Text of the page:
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Possible of memory leak in the loop

Recently my application do get OutOfMemory issue. I realized the memory is keep on stack up as i saw in the task manager, the jlaunch keep growing and it won't drop back. That day i'm running a search function and it will query the table to retrieve the data. The jlaunch shoot from 500MB -> 2.2GB and now remain in there. Wondering is it during it query it populate at least 10,000 records into the arraylist and then the memory already allocated and once i finish run the function, it will clear the allocated memory to re-use it.

public ArrayList ejbHomeInJDBCConnection(Map map){
	ArrayList beanList = new ArrayList();
	try{
		Context ctx = new InitialContext();
		DataSource ds = (DataSource) ctx.lookup("jdbc/POOL");
		Connection con = ds.getConnection();
		String query = "SELECT * FROM USER WHERE ";
		for (Iterator iterator = map.keySet().iterator(); iterator.hasNext();) {
			Object key = iterator.next();
			if(key.toString().startsWith("TIME") | key.toString().startsWith("TIMEIN")){
				long longValue = Long.parseLong(map.get(key).toString());
				query += key.toString()+ longValue + " AND "; 	
			}else{
				String value = (String)map.get(key);
				query += key.toString()+ value + " AND "; 	
			}
		}
		String newquery = query.substring(0, query.length()-5);
		newquery += " ORDER BY TIMEIN DESC";
		Statement stmt = con.createStatement();
		try {
			ResultSet rs = stmt.executeQuery(newquery);
		    try {
				while (rs.next()){
					InBean bean = new InBean();
					bean.setSmsId(rs.getString("EMP"));
					.......
					beanList.add(bean);
				}
			}finally{
				rs.close();
			}
		}finally{
			stmt.close();
	}catch(Exception e){
		System.err.println(e.fillInStackTrace());
    }
return beanList;

Wondering is it the InBean will cause any memory leak as if there is 10,000 records, which mean it will create 10,000 objects and once it add into the arraylist the previous bean is not in use, will the GC clear it as i didn't set it as null. Do i need to do something like reallocate/defragment the memory?

Thanks.

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2 Answers

  • Best Answer
    Posted on Sep 15, 2009 at 06:22 AM

    hi chan,

    might be the memorry issue,

    if we storing the single interger value, problem may not occur, if we store the object(with some data members)-- my level of understiandig-- coz i do't know the what is the bean returing (IBEAN)

    http://help.sap.com/saphelp_nw70/helpdata/EN/a2/852aca5cd96f4796e51ba0f7a28926/frameset.htm

    might be we have to clear the meomroy or restart the jlaunch instance every time

    let me know much i understand u r problem

    ravindra

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    • Former Member Former Member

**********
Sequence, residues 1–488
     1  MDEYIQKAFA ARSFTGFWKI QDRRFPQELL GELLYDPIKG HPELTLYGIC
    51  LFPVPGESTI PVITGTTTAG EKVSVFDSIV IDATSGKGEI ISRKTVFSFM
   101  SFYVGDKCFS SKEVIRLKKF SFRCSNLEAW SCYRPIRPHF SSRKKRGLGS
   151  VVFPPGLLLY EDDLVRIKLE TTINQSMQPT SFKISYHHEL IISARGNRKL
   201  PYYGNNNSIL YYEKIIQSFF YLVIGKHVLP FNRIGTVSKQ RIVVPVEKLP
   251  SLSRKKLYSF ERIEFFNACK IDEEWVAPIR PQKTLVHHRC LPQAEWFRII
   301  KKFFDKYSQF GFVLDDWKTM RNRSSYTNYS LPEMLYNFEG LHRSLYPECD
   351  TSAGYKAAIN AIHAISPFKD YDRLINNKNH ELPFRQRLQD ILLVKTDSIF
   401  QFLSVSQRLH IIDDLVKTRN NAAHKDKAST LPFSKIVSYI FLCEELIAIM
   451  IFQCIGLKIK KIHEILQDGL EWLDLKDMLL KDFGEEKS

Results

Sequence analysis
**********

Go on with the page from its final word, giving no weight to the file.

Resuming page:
Hi,

      I'm sure a "count" would not generate the overhead you are concerned.

      To understand some aspects, you need to read the source files of Java, and understand how the stack would work in your case.

      Evertime you "add" an element to you list, the implementation will run the ensureCapacity, and grown the list one by one. Understand that the list is an Array with a lot more functions, but below, you are still working with an Array, and it needs to have a defined size. Everytime you add, it's doing a System.arraycopy(all the crap) - So you can save this, everytime you add something if you create your List with the right size.

      Note, this is not an issue if we consider small lists, of small objects, but working with large lists, you can feel slow downs.

      About the GC stuff, well.. I'm sure you can do some reading how it works. One good start point would be

      Link: [http://java.sun.com/docs/hotspot/gc1.4.2/]

      I'm sure you don't need that, but still, it's good reading. Maybe you should just increase your heap size, or you can manually clear the List using list.clear();

      Rgds,

      Daniel

  • Posted on Sep 17, 2009 at 09:33 AM

    Hi Adrian

    1. I do not see Connection.close() method in your code. I'm not sure if it's strongly necessary, but try to close connection after use. It'll release JDBC resources.

    2. I think the following code is not efficient if you are making the same SQL many times:

    Statement stmt = con.createStatement();

    Official Javadoc says the following about the method:

    >If the same SQL statement is executed many times, it may be more efficient to use a PreparedStatement object.

    I suggest you to try

    PreparedStatement Connection.prepareStatement(String sql);

    ...instead.

    > A SQL statement with or without IN parameters can be pre-compiled and stored in a <code>PreparedStatement</code> object. This object can then be used to efficiently execute this statement multiple times.

    BR, Siarhei

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